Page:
Traffic is a regional problem, but the people of metro Atlanta sometimes have a tough time thinking regionally.
One example; the original MARTA proposal involved five counties, but one those counties voted in 1971, only two counties, Fulton and DeKalb, agreed to the MARTA sales tax.
Forty years later, the region is choking on its traffic and the voters will have another say, not county by county but as a 10-county region. Backers hope voters will look at the big picture.
"On average, in Atlanta, every county resident in this region spends 40 percent of their time in their car outside their own county. Forty percent of the time you're driving in another county. We've got to develop a system that enhances everybody's quality of life, everybody's commute time on a regional basis," said Tad Leithhead Chairman of the Atlanta Regional Commission, ARC.
"When the benefits are clear, the Atlanta region has shown a remarkable ability to work together," said Leithhead.
The 1996 Olympic Games involved many counties in the region beyond and it took a regional sense of purpose to pull it off.
Regarding the economic impact of the next years, Leithead said transportation referendum will be four times greater than the Olympics if it passes.
"In 2012, we will either make a statement that as a region we're prepared to move forward with a solution to those issues or were not. And if we're not prepared to move forward, then what does that say about our residents commitment to try to solve the huge issues?" said Leithhead.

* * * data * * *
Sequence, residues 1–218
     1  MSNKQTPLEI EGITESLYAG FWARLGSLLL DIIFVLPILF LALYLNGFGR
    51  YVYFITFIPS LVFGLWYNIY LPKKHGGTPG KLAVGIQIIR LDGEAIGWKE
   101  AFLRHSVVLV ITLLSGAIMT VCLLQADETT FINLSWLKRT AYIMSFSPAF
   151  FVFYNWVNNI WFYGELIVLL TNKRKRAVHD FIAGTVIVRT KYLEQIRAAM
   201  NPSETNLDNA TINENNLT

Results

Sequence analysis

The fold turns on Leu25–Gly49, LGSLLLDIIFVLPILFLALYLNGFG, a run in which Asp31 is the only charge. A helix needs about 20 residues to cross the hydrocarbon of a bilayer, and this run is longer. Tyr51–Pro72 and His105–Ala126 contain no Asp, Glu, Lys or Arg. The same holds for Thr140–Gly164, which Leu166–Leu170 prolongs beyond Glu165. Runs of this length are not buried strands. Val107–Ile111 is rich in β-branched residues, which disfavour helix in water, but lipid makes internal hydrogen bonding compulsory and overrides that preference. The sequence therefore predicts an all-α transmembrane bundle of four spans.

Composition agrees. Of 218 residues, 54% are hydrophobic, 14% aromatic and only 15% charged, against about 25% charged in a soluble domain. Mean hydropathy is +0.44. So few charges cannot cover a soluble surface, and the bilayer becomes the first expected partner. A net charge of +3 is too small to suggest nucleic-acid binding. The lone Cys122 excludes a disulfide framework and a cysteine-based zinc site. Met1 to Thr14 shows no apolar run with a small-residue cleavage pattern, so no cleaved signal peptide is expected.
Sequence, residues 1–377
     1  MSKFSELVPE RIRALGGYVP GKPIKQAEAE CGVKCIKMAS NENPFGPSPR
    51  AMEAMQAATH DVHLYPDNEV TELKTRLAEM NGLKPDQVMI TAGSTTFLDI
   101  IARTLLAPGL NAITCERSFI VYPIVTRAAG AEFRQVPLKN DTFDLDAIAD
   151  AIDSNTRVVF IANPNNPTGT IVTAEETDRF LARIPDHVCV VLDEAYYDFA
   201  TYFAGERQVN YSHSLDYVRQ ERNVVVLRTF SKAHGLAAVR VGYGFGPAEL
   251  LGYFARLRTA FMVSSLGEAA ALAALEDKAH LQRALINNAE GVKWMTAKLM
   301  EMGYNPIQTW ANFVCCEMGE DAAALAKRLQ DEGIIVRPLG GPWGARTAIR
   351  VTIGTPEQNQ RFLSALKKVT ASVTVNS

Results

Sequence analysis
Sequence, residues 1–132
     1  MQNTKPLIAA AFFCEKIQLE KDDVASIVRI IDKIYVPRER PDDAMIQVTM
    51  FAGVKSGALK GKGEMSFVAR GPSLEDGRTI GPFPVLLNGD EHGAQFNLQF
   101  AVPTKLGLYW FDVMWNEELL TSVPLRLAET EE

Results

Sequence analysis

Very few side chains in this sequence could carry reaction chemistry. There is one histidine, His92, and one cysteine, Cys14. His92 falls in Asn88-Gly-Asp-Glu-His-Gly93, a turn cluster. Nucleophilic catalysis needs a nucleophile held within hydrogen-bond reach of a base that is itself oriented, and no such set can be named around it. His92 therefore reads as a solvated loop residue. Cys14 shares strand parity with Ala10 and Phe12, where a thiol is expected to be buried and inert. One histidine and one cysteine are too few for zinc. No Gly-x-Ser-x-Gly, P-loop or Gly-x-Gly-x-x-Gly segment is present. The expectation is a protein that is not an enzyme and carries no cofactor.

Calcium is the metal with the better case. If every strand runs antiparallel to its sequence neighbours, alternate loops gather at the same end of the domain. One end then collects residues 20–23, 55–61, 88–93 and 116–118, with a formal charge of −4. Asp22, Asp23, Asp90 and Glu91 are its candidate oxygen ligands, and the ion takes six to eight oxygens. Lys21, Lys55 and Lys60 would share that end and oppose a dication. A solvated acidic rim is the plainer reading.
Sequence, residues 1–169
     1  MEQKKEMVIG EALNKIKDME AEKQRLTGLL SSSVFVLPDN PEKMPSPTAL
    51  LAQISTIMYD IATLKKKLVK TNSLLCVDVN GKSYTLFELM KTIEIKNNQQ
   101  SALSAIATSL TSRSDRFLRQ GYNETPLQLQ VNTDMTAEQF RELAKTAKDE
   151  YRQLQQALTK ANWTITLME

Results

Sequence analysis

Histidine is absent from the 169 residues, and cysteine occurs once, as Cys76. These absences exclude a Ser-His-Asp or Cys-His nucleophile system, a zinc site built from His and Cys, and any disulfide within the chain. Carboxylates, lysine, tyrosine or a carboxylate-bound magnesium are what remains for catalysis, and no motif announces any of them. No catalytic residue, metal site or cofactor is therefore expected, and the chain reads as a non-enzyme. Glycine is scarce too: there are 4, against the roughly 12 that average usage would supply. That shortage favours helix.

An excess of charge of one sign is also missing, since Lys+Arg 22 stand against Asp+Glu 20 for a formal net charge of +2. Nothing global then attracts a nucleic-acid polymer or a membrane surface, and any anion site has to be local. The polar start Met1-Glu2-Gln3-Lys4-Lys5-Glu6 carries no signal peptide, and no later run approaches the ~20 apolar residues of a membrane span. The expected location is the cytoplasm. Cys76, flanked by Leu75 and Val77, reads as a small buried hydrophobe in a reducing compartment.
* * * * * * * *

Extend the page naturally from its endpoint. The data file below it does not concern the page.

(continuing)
"I do believe that an educated population will understand the impact of this and vote in favor of it," said Leithhead.
Traffic, of course, is not the only regional issue.
Every county and city in the region has a vested interest in keeping an ample supply of water; and whether it be reservoirs or basin transfers or conservation measures or all of the above, it's going to require cooperation and agreement across political boundary lines.
"It think now were at a different point in time and we gotta function as a region because the problems are not unique to a jurisdiction, problems cut across all boundaries," said Sam Williams of the Metro Atlanta Chamber.
"Water does not recognize a county boundary, highways don't, and most people have no idea where one county ends and the other one begins," said Williams
Atlantans' relations with the suburbs and the rest of Georgia have often been uneasy and even hostile. A recent lobbying effort by Mayor Reed and Gov. Deal indicates that is changing.
"I think it speaks volumes when the mayor of our capital city is on a plane to Washington with the governor of our state. I think this is a new day in terms of leadership and collaboration across the region and across the state," said Williams.